National News - Page 122

Biden administration working to develop a system for people to prove they’ve been vaccinated


By Kristen Holmes and Devan Cole The Biden administration is currently working to develop a system for people to prove they’ve been vaccinated against the coronavirus, according to a senior administration official. Multiple government agencies are engaged in conversations and planning, coordinated by the White House, as this kind of system will play a role in multiple aspects of life, including potentially the workforce, the official said. President Joe Biden has predicted that life in the US could be back to normal by Christmas, and as more Americans are vaccinated each day, these vaccine credentials — commonly called “vaccine passports”

Opening statements are set to begin in Derek Chauvin’s trial for the death of George Floyd

By Eric Levenson Opening statements are set to begin Monday in former Minneapolis Police officer Derek Chauvin’s trial, 10 months after George Floyd’s death under his knee launched a summer of protest and unrest. In a first for Minnesota, the trial will be broadcast live in its entirety, giving the public a rare peek into the most important case of the Black Lives Matter era. Chauvin, 45, has pleaded not guilty to second-degree unintentional murder, third-degree murder and second-degree manslaughter charges. Citing disturbing video of Floyd’s final moments, prosecutors say Chauvin unintentionally killed Floyd while using excessive force during an

Georgia Republicans speed sweeping elections bill restricting voting access into law

By Kelly Mena, Fredreka Schouten, Dianne Gallagher and Pamela Kirkland Republicans in Georgia sped a sweeping elections bill into law Thursday, making it the first presidential battleground to impose new voting restrictions following President Joe Biden’s victory in the state. The bill passed both chambers of the legislature in the span of a few hours before Republican Gov. Brian Kemp signed it Thursday evening. By changing its election laws, “Georgia will take another step toward ensuring our elections are secure, accessible, and fair,” he said. Kemp, who is up for reelection next year, had refused to give in to former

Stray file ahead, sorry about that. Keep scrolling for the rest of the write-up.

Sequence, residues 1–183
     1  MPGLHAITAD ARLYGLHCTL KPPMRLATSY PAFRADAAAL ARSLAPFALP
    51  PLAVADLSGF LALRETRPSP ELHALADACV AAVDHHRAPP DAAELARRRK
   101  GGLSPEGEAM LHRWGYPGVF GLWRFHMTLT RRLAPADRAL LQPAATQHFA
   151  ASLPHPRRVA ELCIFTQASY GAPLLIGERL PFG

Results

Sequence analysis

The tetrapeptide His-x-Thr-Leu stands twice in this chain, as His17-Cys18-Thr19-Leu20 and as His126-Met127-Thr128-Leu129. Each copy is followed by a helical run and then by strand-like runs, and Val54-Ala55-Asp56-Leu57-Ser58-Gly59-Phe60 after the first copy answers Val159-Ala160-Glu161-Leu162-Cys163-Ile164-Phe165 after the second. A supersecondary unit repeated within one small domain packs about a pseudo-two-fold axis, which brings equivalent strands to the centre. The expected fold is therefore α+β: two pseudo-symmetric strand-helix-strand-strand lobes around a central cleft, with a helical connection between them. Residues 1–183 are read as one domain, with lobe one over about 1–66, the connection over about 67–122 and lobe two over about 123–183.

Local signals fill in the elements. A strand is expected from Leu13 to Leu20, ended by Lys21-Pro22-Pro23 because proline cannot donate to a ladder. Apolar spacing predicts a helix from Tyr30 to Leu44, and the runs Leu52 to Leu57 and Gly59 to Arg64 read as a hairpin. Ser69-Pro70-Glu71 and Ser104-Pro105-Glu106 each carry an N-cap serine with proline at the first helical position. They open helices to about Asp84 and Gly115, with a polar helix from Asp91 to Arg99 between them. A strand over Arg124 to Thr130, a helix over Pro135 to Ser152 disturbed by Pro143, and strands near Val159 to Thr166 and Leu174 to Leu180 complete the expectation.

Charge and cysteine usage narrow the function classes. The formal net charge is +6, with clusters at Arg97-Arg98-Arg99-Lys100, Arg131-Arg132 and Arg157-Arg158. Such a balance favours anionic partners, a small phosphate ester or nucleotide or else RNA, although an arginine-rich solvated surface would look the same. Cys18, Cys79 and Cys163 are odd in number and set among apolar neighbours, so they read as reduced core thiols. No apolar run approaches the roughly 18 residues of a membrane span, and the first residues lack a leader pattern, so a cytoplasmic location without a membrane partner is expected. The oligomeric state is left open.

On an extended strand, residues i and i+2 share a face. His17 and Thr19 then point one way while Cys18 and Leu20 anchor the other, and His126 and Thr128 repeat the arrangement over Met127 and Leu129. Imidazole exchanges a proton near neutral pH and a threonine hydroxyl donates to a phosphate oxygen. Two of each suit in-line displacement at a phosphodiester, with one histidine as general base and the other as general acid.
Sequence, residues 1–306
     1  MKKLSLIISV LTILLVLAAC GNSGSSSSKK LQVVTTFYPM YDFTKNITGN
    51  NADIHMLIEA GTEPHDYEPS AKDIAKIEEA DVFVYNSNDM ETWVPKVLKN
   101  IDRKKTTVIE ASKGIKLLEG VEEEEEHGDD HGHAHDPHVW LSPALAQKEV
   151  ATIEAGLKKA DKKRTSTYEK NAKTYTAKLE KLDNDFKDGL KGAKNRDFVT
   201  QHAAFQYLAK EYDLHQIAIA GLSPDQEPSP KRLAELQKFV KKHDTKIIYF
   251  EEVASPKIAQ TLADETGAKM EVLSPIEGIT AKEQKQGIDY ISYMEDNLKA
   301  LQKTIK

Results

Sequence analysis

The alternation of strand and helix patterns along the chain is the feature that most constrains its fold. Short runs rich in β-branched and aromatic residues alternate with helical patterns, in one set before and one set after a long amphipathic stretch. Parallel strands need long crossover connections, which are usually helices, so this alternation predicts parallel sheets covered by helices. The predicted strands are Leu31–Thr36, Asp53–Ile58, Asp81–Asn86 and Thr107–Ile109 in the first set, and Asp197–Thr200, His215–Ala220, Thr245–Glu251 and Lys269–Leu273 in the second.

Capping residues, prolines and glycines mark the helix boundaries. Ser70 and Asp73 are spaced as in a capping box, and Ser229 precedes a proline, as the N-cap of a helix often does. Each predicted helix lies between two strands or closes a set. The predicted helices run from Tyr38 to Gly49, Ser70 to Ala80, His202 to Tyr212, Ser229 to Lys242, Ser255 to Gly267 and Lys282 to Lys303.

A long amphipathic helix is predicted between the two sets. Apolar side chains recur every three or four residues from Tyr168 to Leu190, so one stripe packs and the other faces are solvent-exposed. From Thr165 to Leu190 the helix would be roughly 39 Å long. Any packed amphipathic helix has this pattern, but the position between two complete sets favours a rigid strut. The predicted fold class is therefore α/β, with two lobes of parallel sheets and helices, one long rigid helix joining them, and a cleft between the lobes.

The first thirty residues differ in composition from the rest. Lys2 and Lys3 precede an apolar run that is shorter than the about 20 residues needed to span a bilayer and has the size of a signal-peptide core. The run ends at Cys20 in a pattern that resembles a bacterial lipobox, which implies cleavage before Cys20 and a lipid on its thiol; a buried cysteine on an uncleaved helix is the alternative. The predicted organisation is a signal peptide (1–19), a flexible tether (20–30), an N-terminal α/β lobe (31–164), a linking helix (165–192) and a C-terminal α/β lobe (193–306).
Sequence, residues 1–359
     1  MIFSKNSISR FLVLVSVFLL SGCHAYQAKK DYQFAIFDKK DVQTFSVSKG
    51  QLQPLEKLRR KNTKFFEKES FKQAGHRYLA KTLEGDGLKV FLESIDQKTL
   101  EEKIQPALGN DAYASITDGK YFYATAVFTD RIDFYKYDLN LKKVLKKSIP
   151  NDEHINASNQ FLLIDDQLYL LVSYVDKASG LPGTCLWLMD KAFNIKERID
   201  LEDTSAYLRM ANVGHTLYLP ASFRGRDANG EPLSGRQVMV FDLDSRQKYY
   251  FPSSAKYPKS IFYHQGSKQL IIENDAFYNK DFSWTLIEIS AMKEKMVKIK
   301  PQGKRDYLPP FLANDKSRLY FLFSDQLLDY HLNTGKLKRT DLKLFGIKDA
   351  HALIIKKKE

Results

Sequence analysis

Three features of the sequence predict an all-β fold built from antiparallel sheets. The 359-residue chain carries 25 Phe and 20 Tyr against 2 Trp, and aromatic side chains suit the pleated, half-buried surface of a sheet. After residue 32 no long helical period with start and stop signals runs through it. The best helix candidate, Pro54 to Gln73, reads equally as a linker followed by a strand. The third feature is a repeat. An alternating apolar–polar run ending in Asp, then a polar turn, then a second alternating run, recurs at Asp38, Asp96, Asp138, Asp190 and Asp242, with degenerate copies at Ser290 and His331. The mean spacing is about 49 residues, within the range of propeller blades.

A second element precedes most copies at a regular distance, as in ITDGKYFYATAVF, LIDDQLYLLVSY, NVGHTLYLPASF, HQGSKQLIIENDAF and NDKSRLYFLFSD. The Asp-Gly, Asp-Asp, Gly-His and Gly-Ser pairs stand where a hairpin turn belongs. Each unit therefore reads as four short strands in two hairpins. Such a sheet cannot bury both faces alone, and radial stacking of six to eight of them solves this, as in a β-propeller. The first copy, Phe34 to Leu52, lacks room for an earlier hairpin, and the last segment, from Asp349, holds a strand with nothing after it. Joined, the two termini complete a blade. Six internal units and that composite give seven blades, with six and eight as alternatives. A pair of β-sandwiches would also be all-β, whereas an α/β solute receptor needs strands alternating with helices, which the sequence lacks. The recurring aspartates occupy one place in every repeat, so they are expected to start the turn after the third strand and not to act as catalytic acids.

Dangerous Covid-19 variants could mean all bets are off on the road to normalcy, expert warns


By Travis Caldwell The evidence that Americans are gearing up for a return to normal life is growing apparent. States are relaxing capacity restrictions for public areas and private gatherings. More school districts are reopening for in-person learning. Travel is increasing, with TSA data showing more than 1 million daily passengers in US airports for two consecutive weeks, the longest such stretch since the Covid-19 pandemic lockdowns in early 2020. However, many experts reiterate that Covid-19 is far from over. Dr. Rochelle Walensky, director of the US Centers for Disease Control and Prevention, said on the “Today” show Thursday that

Obama calls for stricter gun laws following Colorado shooting to prevent more ‘random, senseless acts’ of gun violence

By Devan Cole Former President Barack Obama on Tuesday called for stricter gun laws following the mass shooting in Colorado, bemoaning what he called a national tolerance for “these kinds of random, senseless acts.” Obama said in a statement that he and former first lady Michelle Obama are grieving with the families of the victims of Monday’s massacre in Boulder, but also said they “are also feeling a deep, familiar outrage” for these types of tragedies. The statement by the former president came shortly before President Joe Biden publicly commented on the shooting, which took place at grocery store and